Until the next post, I bid thee a farewell and with a hope that you’ve been inspired to take on your own little experiment.

-Phillip

[Image courtesy of Andrew Hurley on Flickr]

12 thoughts on “The End Is The Beginning: Three Months of Blogging Every Single Day”

  1. Congrats on meeting your goal! That’s wonderful, especially since it got you into a routine that now seems the norm. Like you, I found my time writing blog posts better spent working on my fiction, so I’m very sparse with the posts now. As you said so perfectly: “In those moments you find yourself near the bottom of the social media gravity well.” Ah yes, I’ve been down there many times.

    1. Thank you, Carrie! I think it’s good to recognize when something has served its purpose and you’re better off finding a new way to improve. I’m really looking forward to what the future holds with the fiction side of things!

  2. Three months since you made your commitment? I remember reading that post … I could swear it was only a couple of weeks ago! Congratulations, Phillip, and thanks for taking the time to write this summary blog. You’re an inspiration, and I for one will miss reading your work every day … but I predict we’ll be reading some exciting things from you in the near future!

    1. In many respects, it feels like it’s only been a couple of weeks. I thank you for your kind words, readership, and general faith in me, Candace!

  3. I think you’ve earned the right to leverage the knowledge you’ve gained over the last few weeks. And if it gets me an actual novel by you into my hands sooner, then I’m all for it.

    Great soundbites and insight matey. Without sounding too suck-uppy (but hey, you’ve earned some of that too), I wouldn’t have carried on with my own ‘experiments’ were it not for this blog and the support you always throw back my way. Looking forward to Sunday.

    1. “I wouldn’t have carried on with my own ‘experiments’ were it not for this blog and the support you always throw back my way.”

      I couldn’t ask for anything more than that, Col! It makes me immensely happy to hear all my bitching and moaning is doing some good in the world. I, too, look forward to getting a Colin Mobey book in my hands someday soon.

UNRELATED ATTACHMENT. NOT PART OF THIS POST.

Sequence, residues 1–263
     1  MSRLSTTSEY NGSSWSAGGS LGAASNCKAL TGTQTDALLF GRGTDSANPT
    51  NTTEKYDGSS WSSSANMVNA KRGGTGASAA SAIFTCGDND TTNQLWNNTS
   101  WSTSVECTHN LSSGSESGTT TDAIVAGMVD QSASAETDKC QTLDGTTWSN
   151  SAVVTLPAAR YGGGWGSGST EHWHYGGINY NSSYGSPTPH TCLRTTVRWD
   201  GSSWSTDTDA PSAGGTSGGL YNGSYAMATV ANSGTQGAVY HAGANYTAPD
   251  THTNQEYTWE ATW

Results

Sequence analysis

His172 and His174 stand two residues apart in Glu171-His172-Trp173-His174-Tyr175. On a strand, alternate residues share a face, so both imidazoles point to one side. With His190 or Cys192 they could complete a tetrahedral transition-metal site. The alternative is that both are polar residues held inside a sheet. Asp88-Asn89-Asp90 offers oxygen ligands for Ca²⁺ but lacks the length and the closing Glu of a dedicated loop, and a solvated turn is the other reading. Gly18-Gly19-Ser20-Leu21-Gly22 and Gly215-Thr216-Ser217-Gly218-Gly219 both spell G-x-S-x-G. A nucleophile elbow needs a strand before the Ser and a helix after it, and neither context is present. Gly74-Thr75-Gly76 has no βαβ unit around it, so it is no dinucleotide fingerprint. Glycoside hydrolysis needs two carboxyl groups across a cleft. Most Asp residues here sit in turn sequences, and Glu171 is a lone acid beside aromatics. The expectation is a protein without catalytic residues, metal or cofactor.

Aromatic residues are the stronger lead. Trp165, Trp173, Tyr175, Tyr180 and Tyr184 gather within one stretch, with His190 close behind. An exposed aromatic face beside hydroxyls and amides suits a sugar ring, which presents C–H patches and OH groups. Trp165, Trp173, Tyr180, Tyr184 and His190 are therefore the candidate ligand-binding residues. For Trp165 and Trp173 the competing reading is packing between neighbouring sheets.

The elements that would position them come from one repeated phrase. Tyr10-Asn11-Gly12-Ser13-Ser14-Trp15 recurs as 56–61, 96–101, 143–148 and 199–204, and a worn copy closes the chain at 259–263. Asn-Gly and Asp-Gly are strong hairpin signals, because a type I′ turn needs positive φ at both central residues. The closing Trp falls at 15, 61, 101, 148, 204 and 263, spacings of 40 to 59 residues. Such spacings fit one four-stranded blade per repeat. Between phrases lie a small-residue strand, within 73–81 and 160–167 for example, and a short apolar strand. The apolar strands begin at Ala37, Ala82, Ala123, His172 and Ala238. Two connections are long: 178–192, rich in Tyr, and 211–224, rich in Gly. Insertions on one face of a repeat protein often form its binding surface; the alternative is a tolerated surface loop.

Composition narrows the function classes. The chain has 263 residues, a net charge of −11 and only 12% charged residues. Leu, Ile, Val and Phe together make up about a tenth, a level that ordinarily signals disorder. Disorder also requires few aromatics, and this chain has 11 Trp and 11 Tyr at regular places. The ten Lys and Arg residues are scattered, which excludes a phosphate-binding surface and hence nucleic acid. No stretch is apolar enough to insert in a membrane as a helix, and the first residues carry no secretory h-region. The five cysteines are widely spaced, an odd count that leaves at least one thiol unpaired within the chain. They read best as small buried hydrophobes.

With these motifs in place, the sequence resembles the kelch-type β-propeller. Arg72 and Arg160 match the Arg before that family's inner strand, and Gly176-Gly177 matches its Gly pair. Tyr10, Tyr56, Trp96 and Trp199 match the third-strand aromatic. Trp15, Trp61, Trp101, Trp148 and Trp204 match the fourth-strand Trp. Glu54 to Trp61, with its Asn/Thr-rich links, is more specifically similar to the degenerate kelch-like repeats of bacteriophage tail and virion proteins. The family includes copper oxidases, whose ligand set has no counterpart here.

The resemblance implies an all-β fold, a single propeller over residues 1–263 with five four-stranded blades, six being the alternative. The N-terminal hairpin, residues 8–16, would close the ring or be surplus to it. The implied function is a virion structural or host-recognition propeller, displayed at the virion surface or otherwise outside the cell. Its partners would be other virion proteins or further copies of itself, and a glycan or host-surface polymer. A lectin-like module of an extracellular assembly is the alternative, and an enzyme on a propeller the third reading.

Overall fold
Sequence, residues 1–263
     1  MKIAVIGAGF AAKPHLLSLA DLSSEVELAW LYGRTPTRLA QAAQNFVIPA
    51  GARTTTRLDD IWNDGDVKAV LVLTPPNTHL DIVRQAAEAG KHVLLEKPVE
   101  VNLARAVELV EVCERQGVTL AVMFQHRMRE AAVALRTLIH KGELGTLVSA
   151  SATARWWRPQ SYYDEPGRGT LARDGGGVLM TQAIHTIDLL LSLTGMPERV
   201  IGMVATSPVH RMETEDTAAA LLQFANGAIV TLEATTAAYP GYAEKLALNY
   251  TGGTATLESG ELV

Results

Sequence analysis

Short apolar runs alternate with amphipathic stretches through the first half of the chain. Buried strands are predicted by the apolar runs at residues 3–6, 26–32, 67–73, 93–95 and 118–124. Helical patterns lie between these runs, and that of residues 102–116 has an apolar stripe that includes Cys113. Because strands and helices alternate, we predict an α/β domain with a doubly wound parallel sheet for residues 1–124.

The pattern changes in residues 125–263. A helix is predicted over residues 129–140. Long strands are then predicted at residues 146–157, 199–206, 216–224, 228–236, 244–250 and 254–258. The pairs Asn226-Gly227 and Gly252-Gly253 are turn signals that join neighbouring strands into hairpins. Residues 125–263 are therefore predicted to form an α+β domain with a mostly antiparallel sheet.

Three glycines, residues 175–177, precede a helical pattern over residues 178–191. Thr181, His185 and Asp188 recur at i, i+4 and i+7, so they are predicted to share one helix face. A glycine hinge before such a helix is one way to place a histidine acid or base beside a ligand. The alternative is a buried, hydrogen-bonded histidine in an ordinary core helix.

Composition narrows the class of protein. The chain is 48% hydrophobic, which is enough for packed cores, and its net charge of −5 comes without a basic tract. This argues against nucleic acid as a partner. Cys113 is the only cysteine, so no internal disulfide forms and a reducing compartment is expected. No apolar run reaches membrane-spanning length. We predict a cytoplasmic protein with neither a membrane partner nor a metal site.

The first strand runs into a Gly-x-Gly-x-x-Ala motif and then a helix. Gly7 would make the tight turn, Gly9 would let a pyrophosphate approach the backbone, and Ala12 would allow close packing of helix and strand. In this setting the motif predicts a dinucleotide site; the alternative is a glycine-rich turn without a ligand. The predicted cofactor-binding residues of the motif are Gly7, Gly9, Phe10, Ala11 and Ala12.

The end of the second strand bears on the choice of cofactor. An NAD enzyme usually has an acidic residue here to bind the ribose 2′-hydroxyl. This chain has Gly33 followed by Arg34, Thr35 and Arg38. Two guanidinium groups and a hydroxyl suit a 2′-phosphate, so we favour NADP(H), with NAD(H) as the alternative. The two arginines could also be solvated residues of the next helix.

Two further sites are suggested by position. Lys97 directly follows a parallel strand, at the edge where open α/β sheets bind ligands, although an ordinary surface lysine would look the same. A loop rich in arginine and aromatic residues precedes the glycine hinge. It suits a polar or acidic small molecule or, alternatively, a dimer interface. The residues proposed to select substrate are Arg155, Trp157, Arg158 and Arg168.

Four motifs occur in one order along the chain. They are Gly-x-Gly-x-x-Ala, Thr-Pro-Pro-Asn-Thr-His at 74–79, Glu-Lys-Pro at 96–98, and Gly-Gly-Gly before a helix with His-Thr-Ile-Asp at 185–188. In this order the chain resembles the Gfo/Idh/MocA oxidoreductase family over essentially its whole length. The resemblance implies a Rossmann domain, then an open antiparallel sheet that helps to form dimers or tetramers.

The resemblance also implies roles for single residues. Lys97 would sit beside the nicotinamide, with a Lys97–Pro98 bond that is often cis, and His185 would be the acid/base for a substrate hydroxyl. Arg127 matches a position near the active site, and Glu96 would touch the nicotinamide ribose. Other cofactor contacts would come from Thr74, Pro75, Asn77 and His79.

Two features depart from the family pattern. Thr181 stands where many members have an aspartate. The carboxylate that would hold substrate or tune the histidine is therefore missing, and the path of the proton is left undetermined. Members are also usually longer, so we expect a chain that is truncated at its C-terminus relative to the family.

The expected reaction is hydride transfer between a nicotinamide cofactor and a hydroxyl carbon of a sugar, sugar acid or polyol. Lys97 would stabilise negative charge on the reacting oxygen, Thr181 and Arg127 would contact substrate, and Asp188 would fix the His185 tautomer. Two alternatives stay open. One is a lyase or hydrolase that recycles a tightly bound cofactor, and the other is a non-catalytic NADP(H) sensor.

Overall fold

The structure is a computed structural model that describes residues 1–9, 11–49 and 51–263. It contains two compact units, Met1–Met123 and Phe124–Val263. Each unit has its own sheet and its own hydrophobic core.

4. What a wonderful challenge. Congratulations on meeting your goals! I try to write every day, but a good portion of that writing is related to my work (so it isn’t necessarily the most “fun”). It prevents me from procrastinating on big projects.

    1. Thank you, Amal. Yeah, I hear you on the writing work…nothing like dry legalese and corporate reports to get the blood pumping! 🙂

  5. As I’ve often said, you are an inspiration, Phillip! You are also down-to-earth. You wrote every day for 90 days to prove you could do it, and you’ve done it. But as you note, the focus was, in effect, on quantity (writing every day regardless of what you wrote). Yes, you definitely provided some meaty posts (and I do need to catch up with your short stories), and you were generous with sharing your process of writing (also considered meaty posts). But with all the other demands and pleasures in your life, can you (should you) try to deliver a meaty post every day? No. Emphatically no. I like the idea of a weekly blog where you deliver your meaty post. That’s what I strive for and that’s enough of a challenge. It’s does take time and thought to write a solid blog post, whether it be a short story or a book review or musings on a theme. And lately I’ve been cheating by adding lots of photos so I can write less but still post 😉 I know where I can steal time to write more and to write better. I just need the will 😉

    1. Marie, you’ve always been such a wonderful source of support. I thank you so much for sticking around as I try to figure things out. All of our mutual blogging friends are lucky to have someone like you along for our shared journey.

      I like your idea of using more photos. 🙂 Honestly, they go a long way. That’s one of the beautiful things about these blogs and their multimedia capabilities. I’ve thought about doing some brief video or audio segments, but I haven’t decided on anything yet. Still not sure what I’d exactly do with that, but it might be a nice change every once in awhile.

      Regarding the will…yeah, that’s the thing I’ve been working on myself for a long time. I have a post coming up for my local writer’s group blog in October that will delve more into how I finally started gaining traction with the writing. I can’t say anything more about it now, but will link to it when it’s posted!

      As always, I know you’re beyond busy and enjoying life (as we all should be), so I appreciate any time you decide to spend here.